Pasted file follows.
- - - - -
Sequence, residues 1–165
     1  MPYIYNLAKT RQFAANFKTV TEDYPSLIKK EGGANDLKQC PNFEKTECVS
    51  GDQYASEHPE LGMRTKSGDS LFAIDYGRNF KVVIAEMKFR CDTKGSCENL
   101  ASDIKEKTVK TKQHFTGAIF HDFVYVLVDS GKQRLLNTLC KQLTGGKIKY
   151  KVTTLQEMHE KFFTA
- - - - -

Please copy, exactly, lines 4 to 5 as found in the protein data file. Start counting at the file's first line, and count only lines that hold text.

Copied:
   101  ASDIKEKTVK TKQHFTGAIF HDFVYVLVDS GKQRLLNTLC KQLTGGKIKY
   151  KVTTLQEMHE KFFTA